|150 locally owned bridges also included for maintenance|
|CHARLESTON, WV – Today, Gov. Jim Justice announced that West Virginia will receive $548,083,740 in federal funding over the next five years to replace, rehabilitate, preserve and build bridges in West Virginia as part of the federal Infrastructure Investment and Jobs Act (IIJA). The act, signed into law in November 2021, totals about $550 billion in new spending for infrastructure projects all over the United States.|
The money will provide an important boost to maintaining the state’s approximately 7,000 bridges, almost 150 of which are owned by municipalities or are otherwise not owned by the WVDOT.
“More and more good stuff continues to come,” Gov. Justice said. “How’d this happen? It’s because the Department of Transportation and Sec. Jimmy Wristen are pushing the envelope and working in every way they possibly can. This is just more good stuff to make life better for West Virginians everyday.”
West Virginia’s portion of funding for the bridge program works out to about $110 million a year for the next five years, on top of the $167 million the state currently spends each year on bridge projects. The WVDOT intends to increase bridge funding in 2024 to $217 million, meaning between regular funding and the IIJA bridge program funding the state will have about $227 million a year available just for bridge projects.
“Of all the new programs included in the IIJA, this is the one that I can most get behind,” said Transportation Secretary Jimmy Wriston, P.E. “This gives West Virginia a robust bridge program that will have an impact for decades. Furthermore, it will allow us to assist municipalities with their non-state-owned bridges without requiring a match. Thank you Gov. Justice for your continued leadership to make sure our infrastructure is properly maintained statewide.”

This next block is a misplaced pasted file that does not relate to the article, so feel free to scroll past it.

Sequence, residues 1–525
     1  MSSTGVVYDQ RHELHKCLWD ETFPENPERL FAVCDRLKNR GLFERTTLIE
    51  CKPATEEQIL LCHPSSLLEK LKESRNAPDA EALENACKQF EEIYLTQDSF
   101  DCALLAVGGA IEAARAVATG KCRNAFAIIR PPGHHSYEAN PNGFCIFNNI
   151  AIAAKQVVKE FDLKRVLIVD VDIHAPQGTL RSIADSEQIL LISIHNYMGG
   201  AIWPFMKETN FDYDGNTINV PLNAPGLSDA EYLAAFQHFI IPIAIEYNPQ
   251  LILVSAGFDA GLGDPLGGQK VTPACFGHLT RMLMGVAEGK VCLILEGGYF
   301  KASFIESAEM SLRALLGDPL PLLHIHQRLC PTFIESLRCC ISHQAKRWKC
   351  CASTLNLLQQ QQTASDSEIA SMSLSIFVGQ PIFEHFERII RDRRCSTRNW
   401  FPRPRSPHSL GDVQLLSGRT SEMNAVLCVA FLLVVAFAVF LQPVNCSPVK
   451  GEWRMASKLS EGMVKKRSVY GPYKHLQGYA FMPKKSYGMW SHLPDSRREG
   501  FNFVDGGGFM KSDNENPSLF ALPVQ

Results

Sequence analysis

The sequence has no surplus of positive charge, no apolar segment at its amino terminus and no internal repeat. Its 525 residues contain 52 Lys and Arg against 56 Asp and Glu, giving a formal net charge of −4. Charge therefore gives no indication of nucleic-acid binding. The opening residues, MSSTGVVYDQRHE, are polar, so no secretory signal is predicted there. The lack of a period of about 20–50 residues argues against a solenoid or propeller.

The IIJA bridge program allows 100% federal funding for certain off-system bridges, which typically require a 20% local match. Even for municipal bridges that would still require matching funds, the IIJA funding allows the WVDOT room to work with municipalities to structure the matching money, Wriston said.
A unique provision of the IIJA bridge program funding allows the state to spend at least 15% of the total allocation to off-system bridges, which may include city bridges or other spans not owned by the WVDOT.
“The Federal Highway Administration (FHWA) is pleased to make this record amount of funding available to the West Virginia Department of Transportation to upgrade its aging bridge infrastructure and improve the safety and condition of bridges across the state,” said FHWA Acting Administrator Stephanie Pollack. “This funding, made possible by President Biden’s Bipartisan Infrastructure Law, will bring down the cost of shipping and speed up the delivery of goods to market, while ensuring that West Virginia’s bridges are safer for all users, including motorists, pedestrians and cyclists, and that local residents and businesses can get where they need to go safely and reliably for years to come.”
The WVDOT is currently looking at 75 municipal bridge projects eligible for 100% funding through the IIJA bridge program. The WVDOT intends to work with municipalities to find matching funds for 39 more.